Monday, August 30, 2010

I’m not a farmer but my friends want me to be

I know I have a reader or two who actually know first hand about farms.  I’ve been on a real farm.  I’ve hunted on farmland in the past.

image from

No disrespect to farmers but I never wanted to be one.  Also, it’s general knowledge that leaving the farm has been an ongoing trend for almost a 100 years.  There was a time back in the counterculture 60’s that moving to a farm was cool.  I’m sure those hippies were not your typical farmer.

So why do I have (you too I bet) friends and family asking me to join them on their farm?

Just about every time I log into Facebook (FB) I see requests from farming friends.  They all started farms over in Farmville.  I searched google maps and found Farmville VA.  I don’t how they can do remote farming.   Are the farm robots that good?

(oh they also seem to play Family Feud more times than a whole season of episodes)

After a little googling and reading I’ve discovered that Farmville is run by a company named Zynga.  (I’m hoping the next woodstock festival is on Zynga’s farm)  

People this is BIG $$ business.  Based on a CNN news article that is months old, it has 75 million active every month.  According to a US government site, there are only about 960,000 persons claiming farming as their principal occupation.  Of course, Farmville on FB is worldwide.

image from

Zynga now sells game cards at retailers like 7-eleven and Target.  Designed for consumers who don’t have access to credit cards or bank accounts to buy in-game items. The $10 or $25 cards can also be purchased as gifts and can be redeemed for in-game currency to get items like tractors, energy packs and furniture.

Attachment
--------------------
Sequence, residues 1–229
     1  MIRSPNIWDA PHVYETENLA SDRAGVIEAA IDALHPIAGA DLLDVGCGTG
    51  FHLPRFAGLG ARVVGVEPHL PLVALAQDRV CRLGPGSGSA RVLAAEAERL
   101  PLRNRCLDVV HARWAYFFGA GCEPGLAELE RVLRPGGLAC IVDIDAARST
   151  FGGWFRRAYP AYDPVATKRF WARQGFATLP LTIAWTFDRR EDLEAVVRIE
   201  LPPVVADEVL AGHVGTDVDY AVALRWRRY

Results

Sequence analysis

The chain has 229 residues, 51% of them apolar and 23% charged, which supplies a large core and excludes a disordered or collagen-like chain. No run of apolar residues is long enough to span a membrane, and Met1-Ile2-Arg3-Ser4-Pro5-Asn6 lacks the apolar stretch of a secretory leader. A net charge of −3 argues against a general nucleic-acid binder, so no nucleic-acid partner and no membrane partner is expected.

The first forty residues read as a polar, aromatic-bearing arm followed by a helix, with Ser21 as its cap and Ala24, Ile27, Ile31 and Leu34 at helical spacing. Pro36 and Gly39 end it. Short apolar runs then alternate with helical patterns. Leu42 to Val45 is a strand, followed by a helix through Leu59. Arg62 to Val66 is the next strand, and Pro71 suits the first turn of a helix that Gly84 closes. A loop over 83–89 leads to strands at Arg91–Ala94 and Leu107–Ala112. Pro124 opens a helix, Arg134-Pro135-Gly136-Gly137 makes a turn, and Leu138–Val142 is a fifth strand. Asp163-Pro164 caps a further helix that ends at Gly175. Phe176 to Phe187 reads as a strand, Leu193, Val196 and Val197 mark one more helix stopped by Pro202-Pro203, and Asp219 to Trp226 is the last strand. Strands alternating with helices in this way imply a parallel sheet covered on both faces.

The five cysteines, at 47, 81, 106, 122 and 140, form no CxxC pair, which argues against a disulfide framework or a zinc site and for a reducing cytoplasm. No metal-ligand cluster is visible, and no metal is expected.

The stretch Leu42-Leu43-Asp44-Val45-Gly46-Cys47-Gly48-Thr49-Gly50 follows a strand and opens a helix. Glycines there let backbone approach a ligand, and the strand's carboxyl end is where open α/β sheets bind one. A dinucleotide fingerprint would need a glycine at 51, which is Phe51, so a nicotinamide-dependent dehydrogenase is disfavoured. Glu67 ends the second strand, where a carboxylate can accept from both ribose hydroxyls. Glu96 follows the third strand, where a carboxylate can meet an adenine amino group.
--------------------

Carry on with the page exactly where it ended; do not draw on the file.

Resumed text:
Do you have Farmville game cards on your Christmas list?

A quote from that same CNN article:
"We built the games so they could be played in a tab on your browser while you're on a conference call," said Pincus, a veteran Web entrepreneur who created Zynga in 2007.

I might play Farmville if I could get a government subsidy for running it.
If I’m on a boring conference call.


Kristina P. said...

I have never played a FB game in my life. Imagine that!

Bearmancartoons said...

Wouldn't that be cool if they did have a Farmville Virtual Woodstock. Might actually make me pay attention to that game.

lisleman said...

I also. Not at all interested (blogging takes up enough time) UNLESS I could get some money from it.

W.C. Camp said...

The only thing I want from Farmville is it's MILLIONS of followers. When I worked at an office though about 20 years ago we set up an actual POT of a around $100 to whoever could amass the most wealth in SimCity over 100 years. Interesting games but they are just GAMES, RIGHT? W.C.C.

OneStonedCrow said...

Hehe ... no, I've no time for virtual farming and besides, I don't have a FB account ... I wonder if kids still keep ant farms these days?

... just a thought ... when I was a kid there were these ads in comics for 'Sea Monkeys' ... apparently you just added something to water and poof! ... you'd have Sea Monkeys ... not being in the USA I could never order them but I've always wondered about them ... can you enlighten me?

BLOGitse said...

Finally I subscribed your feed...

I rather keep my money than make somebody else rich with gaming.
As we all know, it's not too many people who get rich by playing games...but many people are addicted and have financial problems, far more than those who get rich...

lisleman said...

Thanks for following. Gaming - often that means gambling games. The facebook games are free but entice you to pay for more. I have enjoyed gambling on occasion and if I end up ahead just a few dollars I'm happy.

But you are very right about the addiction problem for some and the reason casinos can stay in business is because the odds are in their favor.

lisleman said...

Yours is one of the most unusual questions I've ever been asked. Thanks.
My daughters had sea monkeys. I'm not a biologist but I believe they were some type of krill. In one of it's stages it can survive being freeze dried. Adding water made the tiny creatures come alive. The plastic bowl that was packaged with it had magnifying lens built into the sides so you could see the things.
thanks (this could be good post material)

lisleman said...

Now that I threw that idea out there, I should be the promoter.

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